A path decorated with twenty life-sized elegant silhouettes of famous personalities such as Voltaire, Madame de Staël or Joseph Bonaparte ensures that a leisurely stroll through the natural beauty of the gardens is also a cultural experience.

Let the journey begin! A fun exhibition for families

For the first time in Switzerland, a museum is launching a permanent exhibition in the form of a role play specially designed for very young visitors, with two levels to choose from in four languages (French, English, German, Italian): one for children aged 4 to 10 and the other for ages 11 and above. Each visitor can play the parts of nine individuals in total from three eras - the 18th, 19th and 20th centuries - travelling around using means of transport from the time, starting with a stage coach and a boat before moving on to a train and a paddle steamer.

What is Switzerland?

The world’s oldest democracy, a major financial centre and perpetual armed neutrality – is that the reality of Switzerland, or just a series of clichés? This exhibition sets out to explore those myths and measure them against the everyday lives of the Swiss population, from the 18th century to the present day. 

opening hours

Tuesday – Sundays and public holidays: 10 am – 5 pm

Café du Château: 9.30 am - 5.30 pm, nightly check on http://www.cafe-du-chateau.ch.

Mondays, 25 December and 1 January closed 


Admission to the visitors’ centre, kitchen garden and outdoor walk around the castle is free of charge.

Individual visitors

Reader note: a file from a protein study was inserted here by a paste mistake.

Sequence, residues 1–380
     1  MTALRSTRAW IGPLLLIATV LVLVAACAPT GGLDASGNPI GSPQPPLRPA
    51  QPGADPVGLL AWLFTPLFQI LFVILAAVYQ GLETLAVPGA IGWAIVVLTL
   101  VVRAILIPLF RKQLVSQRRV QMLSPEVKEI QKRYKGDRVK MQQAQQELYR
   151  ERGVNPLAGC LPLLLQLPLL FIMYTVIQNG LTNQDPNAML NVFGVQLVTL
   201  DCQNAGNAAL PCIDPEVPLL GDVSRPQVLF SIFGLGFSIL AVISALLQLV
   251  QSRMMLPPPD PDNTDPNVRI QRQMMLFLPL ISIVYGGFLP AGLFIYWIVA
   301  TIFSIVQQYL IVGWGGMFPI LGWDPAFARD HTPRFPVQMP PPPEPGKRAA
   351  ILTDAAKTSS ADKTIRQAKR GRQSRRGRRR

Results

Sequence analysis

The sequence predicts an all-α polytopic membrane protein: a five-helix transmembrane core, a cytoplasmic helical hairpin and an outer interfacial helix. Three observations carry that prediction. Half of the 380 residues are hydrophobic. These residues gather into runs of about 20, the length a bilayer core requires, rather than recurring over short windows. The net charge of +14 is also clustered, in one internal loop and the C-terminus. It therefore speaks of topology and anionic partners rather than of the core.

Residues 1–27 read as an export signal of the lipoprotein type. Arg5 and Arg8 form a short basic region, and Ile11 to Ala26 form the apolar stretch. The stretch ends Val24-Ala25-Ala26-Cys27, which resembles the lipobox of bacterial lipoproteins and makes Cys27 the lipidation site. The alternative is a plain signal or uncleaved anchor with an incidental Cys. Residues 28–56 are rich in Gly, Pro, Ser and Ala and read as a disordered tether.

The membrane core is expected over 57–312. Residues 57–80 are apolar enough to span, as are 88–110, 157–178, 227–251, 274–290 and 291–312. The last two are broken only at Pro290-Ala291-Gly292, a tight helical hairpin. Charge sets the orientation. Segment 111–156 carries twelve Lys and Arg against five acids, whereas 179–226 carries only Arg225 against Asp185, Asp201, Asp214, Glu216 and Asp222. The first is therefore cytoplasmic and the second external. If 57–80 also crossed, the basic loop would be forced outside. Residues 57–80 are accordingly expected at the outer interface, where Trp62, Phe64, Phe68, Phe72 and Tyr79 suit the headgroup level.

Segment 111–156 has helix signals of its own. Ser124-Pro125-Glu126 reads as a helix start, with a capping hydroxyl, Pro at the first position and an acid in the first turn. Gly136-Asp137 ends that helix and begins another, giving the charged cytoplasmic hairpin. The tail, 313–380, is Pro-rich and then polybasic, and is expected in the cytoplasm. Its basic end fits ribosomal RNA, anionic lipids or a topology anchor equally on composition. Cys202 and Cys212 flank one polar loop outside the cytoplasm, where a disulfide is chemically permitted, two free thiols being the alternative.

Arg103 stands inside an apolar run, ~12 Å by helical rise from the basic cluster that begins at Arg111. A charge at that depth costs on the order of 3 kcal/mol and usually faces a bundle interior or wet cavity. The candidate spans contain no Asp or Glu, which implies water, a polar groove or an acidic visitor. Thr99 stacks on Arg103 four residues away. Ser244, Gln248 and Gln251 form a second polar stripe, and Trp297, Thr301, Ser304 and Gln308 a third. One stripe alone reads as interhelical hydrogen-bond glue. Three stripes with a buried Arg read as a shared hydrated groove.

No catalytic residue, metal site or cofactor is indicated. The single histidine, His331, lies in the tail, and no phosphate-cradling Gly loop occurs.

• Adults: CHF 13
  • Senior citizens, disabled, unemployed, students, military: CHF 10
  • children until the age of 16: free


Free entrance

  • Swiss Museum Pass
  • Raiffeisen-Maestro card, Raiffeisen VISA card, V Pay or Raiffeisen MasterCard (members/young members)
  • ICOM (International Council of Museums), ICOMOS (International Council on Monuments and Sites), AMS (Swiss Museums Association)
  • Refugee (persons with permit N, S, B, F) or foreigner (persons with permit F)
  • Association of the Friends of the Château de Prangins
  • Friends of the Landesmuseum Zürich
  • Official press ID
visitor information

The museum and footpath are accessible to individuals with limited mobility. One wheelchair is available at the reception and there is also a suitable lift.

There are picnic areas around the castle.

Dogs are allowed in the castle courtyard and café.


On site

When visiting the museum, why not drop into Café du Château? Located in a wing of the castle, the café offers indoor seating for fifty people. In fine weather you can also sit on the terrace and enjoy lovely views of the park. The café is open from Tuesday to Sunday from 10.30 to 17.00. Self-service, lunch menu and cakes are on offer. 


  • Café des Alpes, Prangins
  • Auberge de Prangins, Prangins
  • Auberge de Luins, Luins

By public transport

Bus from Nyon railway station (approx. 10 minutes)

  • Bus 805 to «Prangins,Musée natioanl»
  • Bus 811 «Les Abériaux»

By car

A1 motorway: From Geneva, take the Nyon exit, from Lausanne the Gland exit, then follow the signposts.

There are plenty of free parking spaces along Route Suisse. From here, it is a pleasant five-minute walk through the Abériaux meadow to the castle.

Assistance for persons with reduced mobility: +41 (0)22 994 88 90

Google maps directions